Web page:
HELENA — A new program called The Snowbird Fund is now available to help the families in Native American communities search for their missing loved ones.
Created by Whitney Williams with the Montana Community Foundation (MCF), the fund is designed to quickly provide money to families who have had a loved one recently gone missing.
“There is a really important role that frankly is not being met by government at the moment,” said Williams. “What we find is that Indian girls and women are the ones who are predominantly going missing, are not looked for as quickly as if they were white. What that’s led to is family members saying well, we’re going to go do this ourselves.”
Snowbird Fund grants can be used for a wide variety of needs such as gas money, meals, and hotel stays as they search across the state. Money can also go to cell phone payments, searching tools like metal detectors and drones, conducting a targeted awareness campaign, or hosting a community vigil.
“This fund is designed to be one that families can easily access to use to search for their loved ones,” said MCF President and CEO Mary Rutherford. “Anyone that is missing a loved one can go directly to our website, tell us and we’re going to make it really easy for them to get those funds.”
Williams and MCF recognize these grants won’t come anywhere close to solving the societal and political issues for missing and murdered indigenous people (MMIP), but hope it is a step in the right direction to helping those families.
Native Americans represent around 6.7 percent of the population of Montana but account for 26 percent of missing persons cases. The first 48 hours play a huge role in the odds of successfully finding someone alive once they’re reported missing.
Snowbird Fund grant reviewer and MMIP documentarian Ivan MacDonald says that Indian families are often not taken seriously when they initially report a family member as missing.
“To be honest a lot of the families I’ve worked with have said they were trying to file a missing persons report and [law enforcement] will say ‘oh, well you know she’s probably out partying. Come back in a day or two,’” said MacDonald. “It’s incredibly important and timely in a lot of these missing persons cases where time is of the essence.”
MacDonald knows the struggle of MMIP families all too well. On December 17, 1979, his cousin Monica Still Smoking, who was only eight years old at the time, went missing from Napi Elementary School in Browning. A week later after desperate searching from the family, his uncle Kenny Still Smoking found her body frozen in the snow near Glacier National Park. The family says the FBI only investigated for about three weeks and no one has been charged for her death.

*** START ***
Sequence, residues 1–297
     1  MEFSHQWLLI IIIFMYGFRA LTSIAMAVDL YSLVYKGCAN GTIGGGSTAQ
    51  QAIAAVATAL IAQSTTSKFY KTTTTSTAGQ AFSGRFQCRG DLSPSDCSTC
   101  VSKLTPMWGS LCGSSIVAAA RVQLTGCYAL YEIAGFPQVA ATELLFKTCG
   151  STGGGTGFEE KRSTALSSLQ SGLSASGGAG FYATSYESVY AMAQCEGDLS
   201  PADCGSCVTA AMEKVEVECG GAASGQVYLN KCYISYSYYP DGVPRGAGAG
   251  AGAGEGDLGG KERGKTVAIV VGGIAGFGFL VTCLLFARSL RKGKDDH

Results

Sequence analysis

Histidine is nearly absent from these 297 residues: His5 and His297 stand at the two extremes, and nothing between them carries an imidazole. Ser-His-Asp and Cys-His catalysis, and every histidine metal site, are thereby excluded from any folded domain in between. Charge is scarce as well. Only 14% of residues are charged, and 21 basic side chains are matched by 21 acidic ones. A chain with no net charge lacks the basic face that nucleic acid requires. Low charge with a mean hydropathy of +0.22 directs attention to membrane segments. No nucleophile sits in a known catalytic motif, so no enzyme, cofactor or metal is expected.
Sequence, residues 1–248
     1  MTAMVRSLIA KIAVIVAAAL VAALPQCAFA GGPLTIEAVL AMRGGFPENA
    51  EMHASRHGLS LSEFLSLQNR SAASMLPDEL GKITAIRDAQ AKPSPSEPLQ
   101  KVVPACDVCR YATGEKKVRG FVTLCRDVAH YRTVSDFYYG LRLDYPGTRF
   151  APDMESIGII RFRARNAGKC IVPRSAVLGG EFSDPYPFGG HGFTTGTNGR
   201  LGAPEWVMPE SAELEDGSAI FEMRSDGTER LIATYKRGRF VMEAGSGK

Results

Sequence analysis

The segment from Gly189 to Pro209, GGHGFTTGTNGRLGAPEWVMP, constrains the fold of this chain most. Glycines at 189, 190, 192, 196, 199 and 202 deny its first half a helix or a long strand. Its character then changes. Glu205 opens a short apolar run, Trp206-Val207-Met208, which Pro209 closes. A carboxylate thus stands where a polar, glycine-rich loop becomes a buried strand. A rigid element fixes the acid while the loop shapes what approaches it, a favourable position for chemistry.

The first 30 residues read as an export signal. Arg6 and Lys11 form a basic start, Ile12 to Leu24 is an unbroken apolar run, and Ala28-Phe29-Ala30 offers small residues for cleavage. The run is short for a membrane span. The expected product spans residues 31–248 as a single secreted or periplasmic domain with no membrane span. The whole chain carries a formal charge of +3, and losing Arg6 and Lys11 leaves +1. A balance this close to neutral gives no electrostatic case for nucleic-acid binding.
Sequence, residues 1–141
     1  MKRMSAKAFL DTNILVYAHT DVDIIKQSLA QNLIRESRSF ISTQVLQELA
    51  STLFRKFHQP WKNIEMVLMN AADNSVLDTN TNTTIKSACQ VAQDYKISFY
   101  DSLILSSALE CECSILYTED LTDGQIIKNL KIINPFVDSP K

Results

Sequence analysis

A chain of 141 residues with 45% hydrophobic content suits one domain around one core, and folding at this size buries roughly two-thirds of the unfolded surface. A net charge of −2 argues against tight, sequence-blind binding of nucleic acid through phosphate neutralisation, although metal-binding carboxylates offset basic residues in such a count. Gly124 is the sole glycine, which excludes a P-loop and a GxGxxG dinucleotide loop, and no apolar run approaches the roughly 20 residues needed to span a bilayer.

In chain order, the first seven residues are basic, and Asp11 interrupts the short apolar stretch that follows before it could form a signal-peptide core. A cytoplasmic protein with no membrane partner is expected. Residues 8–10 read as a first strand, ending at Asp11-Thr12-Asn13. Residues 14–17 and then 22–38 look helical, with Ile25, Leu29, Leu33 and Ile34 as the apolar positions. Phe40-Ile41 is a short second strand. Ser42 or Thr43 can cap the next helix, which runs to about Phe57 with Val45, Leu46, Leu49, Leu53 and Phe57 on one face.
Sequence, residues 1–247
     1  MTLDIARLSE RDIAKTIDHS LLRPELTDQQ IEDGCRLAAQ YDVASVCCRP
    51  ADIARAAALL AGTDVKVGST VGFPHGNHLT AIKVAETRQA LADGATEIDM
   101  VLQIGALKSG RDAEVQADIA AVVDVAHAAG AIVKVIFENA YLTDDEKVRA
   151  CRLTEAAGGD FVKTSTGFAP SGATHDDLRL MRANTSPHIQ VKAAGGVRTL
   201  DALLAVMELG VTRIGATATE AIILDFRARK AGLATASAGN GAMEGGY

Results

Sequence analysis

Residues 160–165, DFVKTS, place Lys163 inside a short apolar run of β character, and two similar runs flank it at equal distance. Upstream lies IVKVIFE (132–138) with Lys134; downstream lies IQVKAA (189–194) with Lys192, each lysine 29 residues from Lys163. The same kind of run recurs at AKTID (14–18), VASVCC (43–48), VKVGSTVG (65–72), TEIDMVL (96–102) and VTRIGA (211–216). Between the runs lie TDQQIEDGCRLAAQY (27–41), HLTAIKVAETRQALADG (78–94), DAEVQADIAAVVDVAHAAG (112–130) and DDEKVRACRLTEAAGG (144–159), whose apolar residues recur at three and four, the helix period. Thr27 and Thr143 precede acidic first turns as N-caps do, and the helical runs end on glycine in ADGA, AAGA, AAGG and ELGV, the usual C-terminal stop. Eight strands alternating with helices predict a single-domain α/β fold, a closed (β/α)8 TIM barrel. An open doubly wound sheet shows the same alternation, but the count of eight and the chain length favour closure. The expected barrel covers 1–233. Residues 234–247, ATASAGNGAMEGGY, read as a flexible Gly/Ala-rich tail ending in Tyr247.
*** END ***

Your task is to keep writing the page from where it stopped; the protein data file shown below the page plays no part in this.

In 2017 another of McDonald’s cousins went missing, Ashley Loring Heavy Runner. According to documents from the Senate Indian Affairs Committee, it would be two months after the family reported her missing before the Bureau of Indian Affairs (BIA) -- who were responsible for investigating crime -- would open a case into her disappearance. The family still doesn’t have answers as to what happened to her.
“From organizations I work with that directly try to address the crisis, there's maybe only one other that tries to do immediate funding… I think that Snowbird is in this kind of incredible space for that immediate funding to families. If they know someone is missing they can reach out,” said MacDonald.
Williams was inspired to create the Snowbird fund while on the campaign trail to try to become the democratic nominee for governor. Although she lost her primary, she realized this was one way should could still help better Montana.
“I spent a lot of time talking with friends and neighbors in Indian Country about some of the needs and some of the opportunities,” said Williams.
While campaigning, Williams was contacted by Grace Bulltail, whose 18-year-old niece Kaysera Stops Pretty Places was found dead in the backyard of a Hardin home in August 2019.
“Grace, as any auntie would do, immediately went to law enforcement, tried to get people to help her. What she realized is that she needed to turn to family and friends to start the search because she wasn’t getting the support she needed from the systems that frankly should have supported her,” said Williams.
Williams said she heard the same story over and over from other families across the state.
“What I discovered is that these family members were going to great personal expense at an incredibly trying and difficult time for them and their family to do these searches,” explained Williams.
While the Snowbird Fund was established thanks to a $50,000 investment from Williams, she hopes it will be recognized as a community need.
“With winter weather you never see one car at the side of the road in Montana, you always see two because a neighbor stops,” Williams said. “You find neighbors helping neighbors in Montana and our hope with this fund is that Montanans will also see this need and chip in.”
More information about the Snowbird fund and how to support their mission of helping MMIP families can be found here.